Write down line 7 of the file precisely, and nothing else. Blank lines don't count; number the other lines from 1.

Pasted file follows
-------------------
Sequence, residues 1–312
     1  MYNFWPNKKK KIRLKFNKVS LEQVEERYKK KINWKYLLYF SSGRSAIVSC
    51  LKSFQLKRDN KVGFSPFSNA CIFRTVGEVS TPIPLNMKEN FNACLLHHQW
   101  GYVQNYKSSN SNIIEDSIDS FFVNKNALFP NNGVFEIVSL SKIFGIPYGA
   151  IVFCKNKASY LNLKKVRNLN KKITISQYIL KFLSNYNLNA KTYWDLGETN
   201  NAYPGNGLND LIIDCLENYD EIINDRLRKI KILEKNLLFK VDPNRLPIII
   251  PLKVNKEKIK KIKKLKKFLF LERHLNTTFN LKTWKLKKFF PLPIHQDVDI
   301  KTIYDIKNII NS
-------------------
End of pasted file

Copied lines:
   251  PLKVNKEKIK KIKKLKKFLF LERHLNTTFN LKTWKLKKFF PLPIHQDVDI